Federal prosecutors have reduced the number of felony charges for Barry Bonds' perjury indictment from 11 to five.
Bonds, Major League Baseball's all-time leader in career home runs, was indicted in 2007 for allegedly lying to a federal grand jury about his alleged steroid use during his playing career.
The prosecution's case continues to face problems though as Bonds's former trainer Greg Anderson, who has been in prison for more than a year for contempt of court, is steadfastly refusing to take the witness stand for the prosecution. Anderson stands accused as the person who supplied Bonds with steroids and other performance-enhancing drugs.
One of the charges that was dropped was based on dates on calendars in Anderson's apartment that allegedly correlated to Bonds's drug-taking schedule. U.S. District Judge Susan Illston ruled the calendars inadmissable due to Anderson's refusal to authenticate them as a witness.
A hearing is scheduled for Friday to determine whether a recorded conversation between Anderson and Bonds's former business partner Steve Hoskins will be admissable. The conversation was recorded by Hoskins in March of 2003 and on it Anderson allegedly says Bonds is currently taking a steroid that was at that point undetectable by MLB's testing method. Bonds's initial test sample came back negative, but after an advancement in testing was made, a subsequent test of Bonds's sample came back positive for the steroid THG.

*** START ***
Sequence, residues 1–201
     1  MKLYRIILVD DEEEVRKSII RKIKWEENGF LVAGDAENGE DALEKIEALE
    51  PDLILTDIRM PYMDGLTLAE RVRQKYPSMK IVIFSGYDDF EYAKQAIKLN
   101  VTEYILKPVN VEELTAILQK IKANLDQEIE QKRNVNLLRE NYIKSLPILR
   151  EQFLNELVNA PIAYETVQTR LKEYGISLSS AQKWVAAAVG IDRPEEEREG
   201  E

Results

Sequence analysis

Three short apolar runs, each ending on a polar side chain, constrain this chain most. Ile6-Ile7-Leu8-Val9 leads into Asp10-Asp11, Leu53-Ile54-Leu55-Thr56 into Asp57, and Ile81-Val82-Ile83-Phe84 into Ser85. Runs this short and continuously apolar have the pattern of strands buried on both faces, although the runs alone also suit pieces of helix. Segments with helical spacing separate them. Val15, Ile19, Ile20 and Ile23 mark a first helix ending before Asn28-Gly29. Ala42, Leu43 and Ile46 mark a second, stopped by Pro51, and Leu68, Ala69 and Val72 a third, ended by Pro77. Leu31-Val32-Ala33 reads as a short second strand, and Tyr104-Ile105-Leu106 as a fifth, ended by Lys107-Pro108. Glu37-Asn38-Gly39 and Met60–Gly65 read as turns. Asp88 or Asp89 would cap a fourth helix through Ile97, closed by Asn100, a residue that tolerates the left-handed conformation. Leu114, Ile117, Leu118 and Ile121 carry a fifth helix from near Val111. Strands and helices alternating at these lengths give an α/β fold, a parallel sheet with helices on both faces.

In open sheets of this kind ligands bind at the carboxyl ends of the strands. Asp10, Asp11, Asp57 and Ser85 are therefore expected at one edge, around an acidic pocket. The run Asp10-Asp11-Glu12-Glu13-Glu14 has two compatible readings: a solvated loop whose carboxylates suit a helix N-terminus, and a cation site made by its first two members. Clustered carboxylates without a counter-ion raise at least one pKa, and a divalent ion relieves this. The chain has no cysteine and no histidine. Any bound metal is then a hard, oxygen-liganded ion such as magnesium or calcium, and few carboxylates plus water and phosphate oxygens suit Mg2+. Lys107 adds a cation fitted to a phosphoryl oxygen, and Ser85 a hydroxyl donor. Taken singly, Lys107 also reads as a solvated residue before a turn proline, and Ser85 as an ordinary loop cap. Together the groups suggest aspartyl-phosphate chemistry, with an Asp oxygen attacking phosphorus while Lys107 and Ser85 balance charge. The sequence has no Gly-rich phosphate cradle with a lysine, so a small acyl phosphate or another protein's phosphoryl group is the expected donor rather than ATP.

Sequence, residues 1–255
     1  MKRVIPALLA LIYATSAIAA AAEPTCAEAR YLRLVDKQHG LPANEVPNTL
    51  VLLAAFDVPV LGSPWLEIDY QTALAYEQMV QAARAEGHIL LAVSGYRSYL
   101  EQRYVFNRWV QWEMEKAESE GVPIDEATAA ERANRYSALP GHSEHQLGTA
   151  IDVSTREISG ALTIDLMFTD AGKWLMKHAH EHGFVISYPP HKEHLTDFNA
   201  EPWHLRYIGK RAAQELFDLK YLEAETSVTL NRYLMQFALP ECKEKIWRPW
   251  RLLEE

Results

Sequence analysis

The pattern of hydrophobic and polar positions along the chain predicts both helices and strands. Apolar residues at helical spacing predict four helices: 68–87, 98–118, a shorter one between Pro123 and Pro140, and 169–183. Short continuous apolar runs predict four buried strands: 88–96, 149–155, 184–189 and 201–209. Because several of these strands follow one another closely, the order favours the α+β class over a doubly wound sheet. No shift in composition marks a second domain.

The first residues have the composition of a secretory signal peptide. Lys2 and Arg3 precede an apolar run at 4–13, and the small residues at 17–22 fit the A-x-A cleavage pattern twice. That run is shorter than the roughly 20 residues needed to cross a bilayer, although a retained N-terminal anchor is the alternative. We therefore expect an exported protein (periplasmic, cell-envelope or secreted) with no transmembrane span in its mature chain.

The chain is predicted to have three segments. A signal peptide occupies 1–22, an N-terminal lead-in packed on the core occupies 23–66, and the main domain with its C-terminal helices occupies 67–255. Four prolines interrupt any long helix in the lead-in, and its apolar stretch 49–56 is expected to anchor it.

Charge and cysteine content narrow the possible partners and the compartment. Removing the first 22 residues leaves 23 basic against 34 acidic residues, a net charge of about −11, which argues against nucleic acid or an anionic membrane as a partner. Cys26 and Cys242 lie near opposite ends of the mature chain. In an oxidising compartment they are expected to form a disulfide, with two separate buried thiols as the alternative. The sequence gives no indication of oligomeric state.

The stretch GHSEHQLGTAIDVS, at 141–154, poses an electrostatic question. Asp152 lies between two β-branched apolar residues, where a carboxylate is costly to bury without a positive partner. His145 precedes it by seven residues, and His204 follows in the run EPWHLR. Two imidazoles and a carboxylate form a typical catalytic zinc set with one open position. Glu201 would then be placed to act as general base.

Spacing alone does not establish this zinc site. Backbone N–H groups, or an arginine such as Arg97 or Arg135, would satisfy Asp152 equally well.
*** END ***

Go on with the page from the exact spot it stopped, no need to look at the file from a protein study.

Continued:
Hoskins recorded the conversation to prove to Bonds's father Bobby that Bonds was in fact taking performance-enhancing drugs.
Bonds still stands accused of making false statements to the grand jury by saying he was never injected with any substances except by his physician and obstruction of the grand jury's investigation into performance-enhancing drug use is sports.